As mentioned above, mold growth can come with a significant amount of health risks. The damp and dark nature of basements with the added element of sometimes getting very little foot traffic, mold in the basement can be trouble. The people most vulnerable to health problems when exposed to mold are children, older individuals, and those with weak immune systems.
If people inhale, ingest, or touch mold, they could experience any of the following:
- Neurological issues
- Sore throat
- Respiratory issues
- Eye irritation
- Blurred vision
- Skin rash
- Heart issues
Different types of mold you may find in the basement:
White mold, which is most commonly found on foods going bad in your pantry or refrigerator, can also be found on all kinds of water laden materials in your basement. Although white mold is not as likely to produce mycotoxins, it is possible and it can also cause negative health effects such as allergic reactions and respiratory issues. If you find white mold in the basement, its species classification is probably Aspergillus, Penicillium, or Cladosporium.
Black mold is one of the most common molds you can find in a basement and is considered the most harmful to huma health. The main reason for this classification is because black mold releases tiny things called mycotoxins as it grows, which are toxic agents that if ingested can cause a wide range of negative health effects. We go into more detail on this in the basement mold health risks later on this page.
If you find black mold in the basement, it is most likely the Stachybotrys chartarum species. This type has been known to release mycotoxins, but not all of the time. It is commonly found on basement walls, carpeting, and wood framing. Black mold in your basement is something that you want to clean up immediately, whether that is on your own or with the help of professionals. This can usually be determined by the severity of the problem.
Just like with white mold, you will find many species of green mold on your rotting food. But if you do find green mold in the basement, it is likely Cladosporium. This species of mold comes in a variety of colors and easily travels through the air in your home. Mycotoxins only sometimes come with Cladosporium growth, but allergy symptoms almost always appear in anyone exposed to it.
Basement Mold Removal
Getting rid of mold in the basement can vary in difficulty depending on the materials affected, but no matter how large or small the contamination you need to remove it all as soon as you possibly can. Before you begin cleaning, make sure to properly protect yourself with full coverage clothing, rubber gloves, and a respirator if needed. If the clean up is more extensive you will likely need to call in professionals, who will come in with head-to-toe protection before entering the contaminated area. Basement mold removal cost will vary depending on how large the infestation is and the type of materials affected.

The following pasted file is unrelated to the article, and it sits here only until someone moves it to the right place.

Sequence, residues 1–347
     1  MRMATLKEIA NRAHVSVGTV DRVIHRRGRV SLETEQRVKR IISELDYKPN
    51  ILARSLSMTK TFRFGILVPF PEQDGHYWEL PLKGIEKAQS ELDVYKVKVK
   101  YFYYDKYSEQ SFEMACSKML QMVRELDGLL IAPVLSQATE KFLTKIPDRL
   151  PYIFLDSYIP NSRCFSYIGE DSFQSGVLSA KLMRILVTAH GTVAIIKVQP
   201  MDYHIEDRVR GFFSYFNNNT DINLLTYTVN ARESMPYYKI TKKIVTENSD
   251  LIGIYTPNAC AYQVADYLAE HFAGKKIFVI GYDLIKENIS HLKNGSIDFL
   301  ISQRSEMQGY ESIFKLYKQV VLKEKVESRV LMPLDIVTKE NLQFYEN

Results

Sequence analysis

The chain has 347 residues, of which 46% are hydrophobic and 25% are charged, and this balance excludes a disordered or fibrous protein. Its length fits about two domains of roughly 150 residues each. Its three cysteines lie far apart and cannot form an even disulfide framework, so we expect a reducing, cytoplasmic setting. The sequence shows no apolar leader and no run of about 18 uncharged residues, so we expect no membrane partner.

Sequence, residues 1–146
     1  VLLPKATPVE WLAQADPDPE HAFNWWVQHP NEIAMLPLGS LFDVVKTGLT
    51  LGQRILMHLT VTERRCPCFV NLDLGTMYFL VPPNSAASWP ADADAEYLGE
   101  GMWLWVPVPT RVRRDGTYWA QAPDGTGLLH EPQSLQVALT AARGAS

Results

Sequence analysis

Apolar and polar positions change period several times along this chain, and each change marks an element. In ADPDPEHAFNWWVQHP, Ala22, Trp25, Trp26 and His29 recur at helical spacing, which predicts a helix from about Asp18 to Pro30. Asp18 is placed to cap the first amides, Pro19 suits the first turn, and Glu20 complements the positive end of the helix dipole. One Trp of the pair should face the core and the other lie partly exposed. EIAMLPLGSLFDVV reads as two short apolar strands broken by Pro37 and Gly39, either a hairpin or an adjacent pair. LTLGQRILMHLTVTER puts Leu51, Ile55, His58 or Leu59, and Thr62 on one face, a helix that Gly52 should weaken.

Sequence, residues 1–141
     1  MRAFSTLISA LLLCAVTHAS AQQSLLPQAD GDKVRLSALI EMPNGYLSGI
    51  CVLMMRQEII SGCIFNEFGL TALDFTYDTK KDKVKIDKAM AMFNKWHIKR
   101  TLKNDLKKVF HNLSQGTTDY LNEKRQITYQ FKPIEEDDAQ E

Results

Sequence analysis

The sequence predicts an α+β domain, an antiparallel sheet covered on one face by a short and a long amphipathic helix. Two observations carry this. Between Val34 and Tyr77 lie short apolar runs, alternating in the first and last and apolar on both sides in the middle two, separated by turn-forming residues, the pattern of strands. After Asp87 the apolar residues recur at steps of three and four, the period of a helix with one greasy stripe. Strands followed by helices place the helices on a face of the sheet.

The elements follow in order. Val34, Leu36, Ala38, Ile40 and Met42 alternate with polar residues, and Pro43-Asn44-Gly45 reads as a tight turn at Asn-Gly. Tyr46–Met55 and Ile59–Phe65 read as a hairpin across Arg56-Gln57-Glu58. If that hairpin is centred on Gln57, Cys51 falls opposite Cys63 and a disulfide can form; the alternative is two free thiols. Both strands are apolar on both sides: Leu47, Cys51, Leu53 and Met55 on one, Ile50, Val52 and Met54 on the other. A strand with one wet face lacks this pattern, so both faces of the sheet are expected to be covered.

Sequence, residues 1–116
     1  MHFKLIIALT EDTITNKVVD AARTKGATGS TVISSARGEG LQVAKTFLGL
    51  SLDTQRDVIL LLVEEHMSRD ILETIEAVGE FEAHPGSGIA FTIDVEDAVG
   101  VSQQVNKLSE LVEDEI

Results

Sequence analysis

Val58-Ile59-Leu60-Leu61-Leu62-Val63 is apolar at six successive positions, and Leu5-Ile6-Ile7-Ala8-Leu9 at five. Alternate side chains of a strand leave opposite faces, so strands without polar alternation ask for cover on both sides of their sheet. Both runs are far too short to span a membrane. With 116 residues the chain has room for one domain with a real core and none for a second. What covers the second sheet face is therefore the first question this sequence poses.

Here is how to remove mold in the basement if it is growing on non-porous surfaces:
Cut the moisture source:
Once you find the source of the water causing the mold growth in the first place, make sure to fix the problem so it does not continue to flow in and accentuate the problem.
Completely dry the area:
As long as the area is wet, mold is still very much alive and growing. Be sure to dry the area before you begin the cleanup. This process can be sped up by bringing in fans and dehumidifiers into the basement.
Clean the mold with soap and water:
Non-porous surfaces such as metal and tile are much easier to clean mold off of since mold cannot dig into the material and break it down. Cleaning the area with soap and water should be enough to kill mold in the basement that is growing on hard surfaces.
Clean/dispose of cleaning materials and continue to monitor:
Since your cleaning materials are now covered in active mold spores, thoroughly clean them or throw them away after you clean up the area. Make sure to continue to check the spots of past mold growth for any new signs of water or mold. If you notice any, then you never really fixed the problem in the first place.
Here is how to remove mold in the basement if it is growing on porous surfaces:
Cut the source of the moisture
Completely dry the area
Clean the material if it can be cleaned or pitch it if it must be pitched: This process differs for various materials (contact mold professionals if you are unsure if your home materials are salvageable). Here’s a breakdown:
If it is minimally affected and the water source is cut off, a small amount of soap and water may be able to clean the basement mold for good. But if mold is growing behind the wall or the drywall itself is significantly warped, it will probably have to be replaced.
Finished wood is the most likely to survive a mold infestation because mold cannot get through it. A small amount of soap and water can do the trick here as well. Unfinished wood is another story and will likely need to be replaced. This can be pricey if it is from your wood framing, but it will end up causing even pricier damage if left alone.
Run all of the fabrics affected by your basement mold through a cycle in your washing machine. Hopefully any furniture with fabric in your basement has a removable cover so you can easily toss them into the wash as well. Be sure to thoroughly clean your washing machine after these cycles to avoid passing mold spores along to other fabrics. If you cannot run fabric through the wash, like for example on upholstered couches and chairs, try to get them professionally cleaned. Otherwise, you may be out of luck and need to purchase new furniture.
Try bringing in professional cleaners to deep clean the carpeting as it can harbor mold for very long periods of time. In many cases, mold infested carpeting cannot be saved.
HEPA Vacuum: Run a HEPA vacuum over the porous materials to pick up any lingering spores.
Clean/dispose of cleaning materials and continue to monitor: Don’t forget to clean the HEPA vacuum!
how to prevent mold in the basement
- Frequently check pipes for leaks
- Bring in fans and dehumidifiers to reduce standing moisture
- Regularly clean HVAC and dehumidifier drip pans
- Make sure all drains are clear of debris and draining properly
- Check basement for any cracks in the foundation and quickly have them
sealed if you spot any